More than 130 members of the Boko Haram terrorist group have surrendered to Nigeria's military.
Mohammed Bashir, a man who had posed as the group’s leader Abubakar Shekau in numerous videos, was also been killed in clashes, the military said on Wednesday.
Defence spokesman Major-General Chris Olukolade said: “In the course of those encounters, one Mohammed Bashir, who has been acting or posing on videos as the deceased Abubakar Shekau ... known as leader of the group, died.”
Following the surrender, Nigeria's military has released photographs of dozens of detainees sitting on the floor and the alleged body of the leader.
Over the past five years, the group has killed thousands of people in guerrilla attacks on military installations and against civilians. In the past two months, its ambitions have grown as it has started to seize and hold ground in Nigeria.
After members of the extremist group seized several small towns and declared the area an Isis-style ‘Islamic Caliphate’, Nigeria’s army stepped up its military operations in the rural northeast.
The Nigerian army said that 135 Boko Haram fighters had handed their weapons to troops on Tuesday in the town of Biu, near the epicentre of Boko Haram’s campaign to carve out an extremist Islamist state.
Reports from BBC News citing the country’s military claimed the number was as high as 260, as a further 133 members reportedly surrendered in north-eastern Nigeria.
Last August, Nigeria's military said Shekau may have died of gunshot wounds some weeks after a clash with soldiers.
Following the reports, the man appearing in Boko Haram videos appeared to look different, with a rounder, less narrow face and a wider nose.
In pictures: Nigeria kidnapped schoolgirls
In pictures: Nigeria kidnapped schoolgirls
A total of 276 girls were abducted from the northeastern town of Chibok, in Borno state, which has a sizeable Christian community. Some 223 are still missing
One of the kidnapped girls looks into a camera
One of the missing girls talking to the camera
The missing Nigerian schoolgirls, wearing the full-length hijab and praying in an undisclosed rural location. Boko Haram alleging they had converted them to Islam
Girls wearing the full-length hijab holding a flag reading "There is no god, but Allah" and "Mohammed is Allah's prophet"
A man claiming to be the leader of Nigerian Islamist extremist group Boko Haram Abubakar Shekau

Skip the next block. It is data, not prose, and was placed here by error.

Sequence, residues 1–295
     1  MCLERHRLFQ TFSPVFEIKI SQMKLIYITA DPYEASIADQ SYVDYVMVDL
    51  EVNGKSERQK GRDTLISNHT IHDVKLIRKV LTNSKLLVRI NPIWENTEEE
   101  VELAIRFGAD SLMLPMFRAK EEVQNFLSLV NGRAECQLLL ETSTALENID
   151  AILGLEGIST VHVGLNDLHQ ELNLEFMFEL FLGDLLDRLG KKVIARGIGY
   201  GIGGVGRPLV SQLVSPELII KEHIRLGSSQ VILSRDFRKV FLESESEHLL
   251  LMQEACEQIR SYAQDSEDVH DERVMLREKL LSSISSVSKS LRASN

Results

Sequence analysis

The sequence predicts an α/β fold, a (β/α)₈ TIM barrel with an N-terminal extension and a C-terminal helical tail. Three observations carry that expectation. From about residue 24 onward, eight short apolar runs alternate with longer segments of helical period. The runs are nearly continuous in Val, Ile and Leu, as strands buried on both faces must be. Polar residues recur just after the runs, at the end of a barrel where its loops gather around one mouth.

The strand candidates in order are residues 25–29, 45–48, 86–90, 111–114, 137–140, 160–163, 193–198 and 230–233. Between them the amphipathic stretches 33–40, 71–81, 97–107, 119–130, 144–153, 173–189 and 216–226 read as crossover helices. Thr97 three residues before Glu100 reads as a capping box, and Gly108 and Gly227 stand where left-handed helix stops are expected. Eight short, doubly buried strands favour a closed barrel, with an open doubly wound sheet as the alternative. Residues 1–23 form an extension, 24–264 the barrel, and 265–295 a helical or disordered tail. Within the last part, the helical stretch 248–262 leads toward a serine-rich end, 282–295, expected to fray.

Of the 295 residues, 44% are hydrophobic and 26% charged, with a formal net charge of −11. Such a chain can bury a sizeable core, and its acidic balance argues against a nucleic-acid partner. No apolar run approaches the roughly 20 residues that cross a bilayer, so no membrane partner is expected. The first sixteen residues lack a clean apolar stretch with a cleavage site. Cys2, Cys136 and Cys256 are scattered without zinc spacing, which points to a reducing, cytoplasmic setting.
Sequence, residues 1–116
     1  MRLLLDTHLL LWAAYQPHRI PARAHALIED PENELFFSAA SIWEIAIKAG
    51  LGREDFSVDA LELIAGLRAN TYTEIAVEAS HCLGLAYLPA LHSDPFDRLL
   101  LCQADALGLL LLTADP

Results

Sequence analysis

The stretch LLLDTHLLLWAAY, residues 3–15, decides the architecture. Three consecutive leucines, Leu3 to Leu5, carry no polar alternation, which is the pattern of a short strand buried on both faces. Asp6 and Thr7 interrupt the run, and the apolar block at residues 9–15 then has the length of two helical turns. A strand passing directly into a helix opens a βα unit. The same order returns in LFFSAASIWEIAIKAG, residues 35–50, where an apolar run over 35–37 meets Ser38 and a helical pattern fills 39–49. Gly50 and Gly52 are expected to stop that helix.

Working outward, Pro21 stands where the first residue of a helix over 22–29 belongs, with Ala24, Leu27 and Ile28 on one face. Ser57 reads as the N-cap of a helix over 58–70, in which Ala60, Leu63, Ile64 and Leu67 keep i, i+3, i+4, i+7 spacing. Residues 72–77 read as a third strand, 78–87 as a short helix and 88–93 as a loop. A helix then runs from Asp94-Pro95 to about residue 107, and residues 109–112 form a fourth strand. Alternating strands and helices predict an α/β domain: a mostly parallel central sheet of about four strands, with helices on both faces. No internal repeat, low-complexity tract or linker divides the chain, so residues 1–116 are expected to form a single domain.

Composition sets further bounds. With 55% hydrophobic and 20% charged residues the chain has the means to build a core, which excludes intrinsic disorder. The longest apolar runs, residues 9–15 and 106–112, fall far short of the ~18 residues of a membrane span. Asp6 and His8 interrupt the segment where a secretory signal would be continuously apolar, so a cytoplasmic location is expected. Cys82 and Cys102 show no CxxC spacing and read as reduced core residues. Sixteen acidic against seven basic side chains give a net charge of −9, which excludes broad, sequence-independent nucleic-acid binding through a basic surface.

Abubakar Shekau speaks on the video
Girls, wearing the full-length hijab and praying are filmed by an unidentified man (R) in an undisclosed rural location
People carry signs as they attend a protest demanding the release of abducted secondary school girls in the remote village of Chibok in Lagos
A protester demonstrates against the kidnapping of school girls in Nigeria, outside the Nigerian Embassy in London
Chief International Correspondent Christiane Amanpour and Prime Minister David Cameron appearing on the BBC1 current affairs programme
People participate in a "Bring Back Our Girls" campaign demonstration and candlelight vigil in Los Angeles
Girls holding heart shaped banners in a "Bring Back Our Girls" campaign demonstration and candlelight vigil in Los Angeles
14/19 South Africa
South Africans protest in solidarity against the abduction of hundreds of schoolgirls in Nigeria by the Muslim extremist group Boko Haram and what protesters said was the failure of the Nigerian government and international community to rescue them, during a march to the Nigerian Consulate in Johannesburg
Karilyn Coates (10) joins others in a candlelight vigil for the more than 300 girls abducted by Boko Haram in Nigeria, at All Souls Unitarian Church in Colorado Springs
Mothers of the missing Chibok school girls abducted by Boko Haram Islamists gather to receive informations from officials. Nigeria's president said that Boko Haram's mass abduction of more than 200 schoolgirls would mark a turning point in the battle against the Islamists, as world powers joined the search to rescue the hostages
Former Nigerian Education Minister and Vice-President of the World Bank's Africa division (3rd L) Obiageli Ezekwesilieze speaks as she leads a march of Nigeria women and mothers of the kidnapped girls of Chibok, calling for their freedom in Abuja
18/19 Bring Back Our Girls
Kelly Hoppen tweeted: 'Please make sure you do this, we must stand together and not forget them'
19/19 Bring Back Our Girls
E.L. Rock Star tweeted: 'Join The Movement'
As the group has transformed from a radical but relatively peaceful clerical movement to an insurrection, Shekau had appeared in a number of videos issuing threats and taunting the authorities.
In one such clip, he claimed responsibility for the abduction of 200 schoolgirls from the remote village of Chibok in April, which sparked an international outcry and the '#BringBackOurGirls' social media campaign. The majority remain in captivity.
The surrender comes after one of the more than 200 schoolgirls abducted was freed this week, according to police and a parent of some of the other missing girls.
She is receiving medical attention after she was found running in a village, having spent four days in the bush, said a parent, who has two girls still with the insurgents and who declined to be named.
Additional reporting by ReutersReuse content